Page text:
24 Hours in Mexico City's Most Charming Neighborhood

Author: Lydia Carey, Fathom


All photos by Lydia Carey.

Every neighborhood in sprawling Mexico City has its own schedule of chaos and calm, its own operating rhythm. From street sweeping to school bells to street corner stands, writer Lydia Carey tells you just what makes her neighborhood, La Roma, tick. 

MEXICO CITY – At around 8 a.m., the comida corrida restaurant downstairs starts to prepare the day's menu. Some mornings, the scent of garlic and chile wafts up the interior shaft of our apartment building; on other days, it smells like roasting coffee or Thanksgiving dinner. By this time, the street sweepers have already made their first and second pass through the streets of La Roma neighborhood with their tree-branch brooms, and the newspaper sellers that hawk La Jornada, Universal, and El Grafico to commuters at traffic intersections are almost out of papers.

At 8:30 a.m., the juice stands are chopping fruit on street corners, filling the air with citrus and melon. The portable stands creak open and the juicers prepare the rows of plastic cups in which they will pour orange, carrot, grapefruit, and alfalfa juices for twelve pesos apiece. Mothers and fathers drag their sleepy, uniformed children to the Benito Juarez grade school down the street, and the taco stand that sells any part of the pig doused in spicy sauces and toppings is stirring what looks like a giant witch's caldron filled with pig skin and melted grease.

At 9 a.m., the gas man sings out his “gaaaaasssss” song, letting us know that we've slept past the alarm and it’s time to greet the world. 

Sometime before 10 a.m., Centro Medico Park is filled with two kinds of exercisers: the kind that uses the low-impact equipment and jogs slowly around the park's cobblestone paths, and the kind that do pull-ups on the swing-set bars and play basketball on the beaten-up court. Both listen to tinny cell phone radios that play reggaeton and norteña music. Through the streets of La Roma, quesadilla, tamale, and tlayuda stands get their mid-morning rush, which will become a full-on deluge of customers when the office workers start to wander into the streets for lunch. On the menu: cochinita pibil, tacos pastor, and beef tacos served with limp french fries on top.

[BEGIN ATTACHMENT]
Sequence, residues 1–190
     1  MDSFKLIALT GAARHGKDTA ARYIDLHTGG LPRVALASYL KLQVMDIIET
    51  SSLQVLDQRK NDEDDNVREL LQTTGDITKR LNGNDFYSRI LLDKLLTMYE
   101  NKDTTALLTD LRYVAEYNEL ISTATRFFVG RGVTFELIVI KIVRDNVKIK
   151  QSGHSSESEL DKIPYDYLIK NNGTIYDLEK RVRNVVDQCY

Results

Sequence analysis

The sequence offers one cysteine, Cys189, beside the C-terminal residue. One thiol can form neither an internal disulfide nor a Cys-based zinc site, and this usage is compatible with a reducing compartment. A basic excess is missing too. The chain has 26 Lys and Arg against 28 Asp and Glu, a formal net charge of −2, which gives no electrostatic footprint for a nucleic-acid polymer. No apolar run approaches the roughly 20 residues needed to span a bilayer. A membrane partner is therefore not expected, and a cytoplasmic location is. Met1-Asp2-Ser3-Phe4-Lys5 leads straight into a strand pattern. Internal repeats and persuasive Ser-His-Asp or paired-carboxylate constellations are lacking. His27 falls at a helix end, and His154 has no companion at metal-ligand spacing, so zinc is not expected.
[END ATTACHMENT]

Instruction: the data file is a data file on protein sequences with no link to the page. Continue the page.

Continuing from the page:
By 11 a.m., the restaurants on Orizaba, Alvaro Obregon, and Colima are shaking out their tablecloths, setting chairs out on the sidewalks and scrubbing the front stoop — an unwritten obligation in Mexico — with a particular soap that has become part of the morning perfume. Artists, students, and writers sit in La Lisboa, La Procedencia, and Panaderia Rosetta, typing away on laptops while their dogs wait patiently on the sidewalk for a fallen crumb of concha — a type of Mexican sweet roll.

Around noon, the screams of school kids reverberate through the streets as classes let out for the younger grades. Mothers shuffle their children past the myriad of stands set up outside school selling candies and trinkets and hustle them home for the afternoon's comida, Mexicans' big meal of the day.

At 1:30 p.m., the clanging bell of the trash men can be heard as they drive slowly down the street, waiting for neighbors to pour out from the surrounding buildings in all stages of dress — from pajamas to housecoats to Oscar de la Renta.